- shallow-water waves with weakly non-linear restoring forces,
- long internal waves in a density-stratified ocean,
- ion acoustic waves in a plasma,
- acoustic waves on a crystal lattice.
The KdV equation can also be solved using the inverse scattering transform such as those applied to the non-linear Schrödinger equation.
KdV equation and the Gross–Pitaevskii equation[edit]
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Considering the simplified solutions of the form
we obtain the KdV equation as
or
Integrating and taking the special case in which the integration constant is zero, we have:
which is the special case of the generalized stationary Gross–Pitaevskii equation (GPE)
Therefore, for the certain class of solutions of generalized GPE ( for the true one-dimensional condensate and while using the three dimensional equation in one dimension), two equations are one. Furthermore, taking the case with the minus sign and the real, one obtains an attractive self-interaction that should yield a bright soliton.^{[citation needed]}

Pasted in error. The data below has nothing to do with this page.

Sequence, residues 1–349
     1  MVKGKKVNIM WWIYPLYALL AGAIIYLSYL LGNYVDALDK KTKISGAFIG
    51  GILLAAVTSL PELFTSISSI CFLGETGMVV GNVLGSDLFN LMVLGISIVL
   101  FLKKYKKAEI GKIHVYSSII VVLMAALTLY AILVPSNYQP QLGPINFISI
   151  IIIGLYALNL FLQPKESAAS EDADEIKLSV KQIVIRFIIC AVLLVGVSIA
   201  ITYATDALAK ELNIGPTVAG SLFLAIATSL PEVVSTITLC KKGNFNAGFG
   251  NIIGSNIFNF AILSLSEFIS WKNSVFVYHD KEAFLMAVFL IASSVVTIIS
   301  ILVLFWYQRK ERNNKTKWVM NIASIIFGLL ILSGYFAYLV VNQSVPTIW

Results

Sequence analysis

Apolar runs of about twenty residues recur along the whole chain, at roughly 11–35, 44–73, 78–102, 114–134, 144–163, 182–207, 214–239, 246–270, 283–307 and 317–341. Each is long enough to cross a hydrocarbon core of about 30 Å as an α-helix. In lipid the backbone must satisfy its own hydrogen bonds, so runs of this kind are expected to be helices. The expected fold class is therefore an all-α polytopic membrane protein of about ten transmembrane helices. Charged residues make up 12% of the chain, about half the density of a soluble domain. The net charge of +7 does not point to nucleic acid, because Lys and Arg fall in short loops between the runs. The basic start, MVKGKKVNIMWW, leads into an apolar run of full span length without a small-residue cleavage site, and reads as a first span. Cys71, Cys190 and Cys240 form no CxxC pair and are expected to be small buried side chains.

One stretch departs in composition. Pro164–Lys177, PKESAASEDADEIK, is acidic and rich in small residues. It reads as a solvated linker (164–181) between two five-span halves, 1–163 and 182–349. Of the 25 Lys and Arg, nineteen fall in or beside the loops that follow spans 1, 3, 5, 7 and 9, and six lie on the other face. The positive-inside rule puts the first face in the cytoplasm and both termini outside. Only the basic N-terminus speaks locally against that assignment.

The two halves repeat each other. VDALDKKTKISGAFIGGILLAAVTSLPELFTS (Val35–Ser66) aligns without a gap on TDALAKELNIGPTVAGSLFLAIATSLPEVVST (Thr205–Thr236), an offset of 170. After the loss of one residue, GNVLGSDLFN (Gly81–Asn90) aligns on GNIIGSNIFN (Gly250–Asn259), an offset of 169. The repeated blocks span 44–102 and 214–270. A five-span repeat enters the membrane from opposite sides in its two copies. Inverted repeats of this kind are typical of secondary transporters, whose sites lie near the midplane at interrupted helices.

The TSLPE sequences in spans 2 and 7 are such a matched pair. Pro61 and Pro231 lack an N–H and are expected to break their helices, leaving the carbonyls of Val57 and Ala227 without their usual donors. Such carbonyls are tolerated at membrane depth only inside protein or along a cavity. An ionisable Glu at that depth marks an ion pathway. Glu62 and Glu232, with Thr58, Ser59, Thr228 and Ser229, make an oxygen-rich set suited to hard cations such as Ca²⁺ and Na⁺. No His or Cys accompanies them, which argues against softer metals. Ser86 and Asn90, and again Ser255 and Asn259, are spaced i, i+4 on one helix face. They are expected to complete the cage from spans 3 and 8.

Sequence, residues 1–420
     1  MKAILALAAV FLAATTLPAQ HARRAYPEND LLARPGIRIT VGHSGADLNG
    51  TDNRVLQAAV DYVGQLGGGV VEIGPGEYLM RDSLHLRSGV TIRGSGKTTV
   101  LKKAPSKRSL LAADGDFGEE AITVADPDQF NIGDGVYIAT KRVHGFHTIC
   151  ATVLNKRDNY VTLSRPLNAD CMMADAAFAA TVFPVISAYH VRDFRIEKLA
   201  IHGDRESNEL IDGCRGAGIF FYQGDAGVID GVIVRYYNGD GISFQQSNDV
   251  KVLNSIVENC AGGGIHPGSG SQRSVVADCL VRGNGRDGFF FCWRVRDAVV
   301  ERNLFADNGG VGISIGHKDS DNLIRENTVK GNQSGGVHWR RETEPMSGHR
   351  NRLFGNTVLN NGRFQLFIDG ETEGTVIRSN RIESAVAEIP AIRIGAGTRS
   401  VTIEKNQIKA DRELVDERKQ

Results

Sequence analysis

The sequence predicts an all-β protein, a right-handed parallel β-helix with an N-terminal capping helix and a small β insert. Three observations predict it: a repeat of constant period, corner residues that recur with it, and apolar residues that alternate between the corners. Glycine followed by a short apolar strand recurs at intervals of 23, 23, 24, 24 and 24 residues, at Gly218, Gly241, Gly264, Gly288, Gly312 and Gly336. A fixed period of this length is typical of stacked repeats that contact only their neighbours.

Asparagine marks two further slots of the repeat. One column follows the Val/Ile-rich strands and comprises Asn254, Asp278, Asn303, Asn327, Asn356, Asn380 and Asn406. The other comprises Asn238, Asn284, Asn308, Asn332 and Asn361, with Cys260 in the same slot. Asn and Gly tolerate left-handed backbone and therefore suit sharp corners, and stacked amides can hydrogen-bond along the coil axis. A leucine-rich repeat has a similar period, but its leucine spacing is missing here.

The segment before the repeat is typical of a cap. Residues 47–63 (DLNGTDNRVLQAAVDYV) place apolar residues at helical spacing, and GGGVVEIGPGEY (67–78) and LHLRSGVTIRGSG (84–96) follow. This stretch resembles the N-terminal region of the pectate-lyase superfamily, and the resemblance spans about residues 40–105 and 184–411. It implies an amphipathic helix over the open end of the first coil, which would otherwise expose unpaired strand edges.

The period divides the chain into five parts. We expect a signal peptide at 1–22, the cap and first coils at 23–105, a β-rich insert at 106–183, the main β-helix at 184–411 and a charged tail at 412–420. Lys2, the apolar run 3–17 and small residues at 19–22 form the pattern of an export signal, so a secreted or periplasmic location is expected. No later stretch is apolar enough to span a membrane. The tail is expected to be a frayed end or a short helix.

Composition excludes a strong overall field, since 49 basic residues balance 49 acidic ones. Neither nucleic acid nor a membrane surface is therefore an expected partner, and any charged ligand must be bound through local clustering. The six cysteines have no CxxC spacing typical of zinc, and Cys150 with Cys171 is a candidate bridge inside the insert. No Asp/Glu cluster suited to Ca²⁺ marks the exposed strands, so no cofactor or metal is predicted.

Variations[edit]
Many different variations of the KdV equations have been studied. Some are listed in the following table.
Name | Equation |
---|---|
Korteweg–de Vries (KdV) | |
KdV (cylindrical) | |
KdV (deformed) | |
KdV (generalized) | |
KdV (generalized) | |
KdV (Lax 7th) Darvishi, Kheybari & Khani (2007) | |
KdV (modified) | |
KdV (modified modified) | |
KdV (spherical) | |
KdV (super) | |
KdV (transitional) | |
KdV (variable coefficients) | |
Korteweg–de Vries–Burgers equation^{[10]} | |
non-homogeneous KdV ( A.Aghili, H.Zeinali, ) |
q-analogs[edit]
For the q-analog of the KdV equation, see Frenkel (1996) and Khesin, Lyubashenko & Roger (1997).
See also[edit]
- Benjamin–Bona–Mahony equation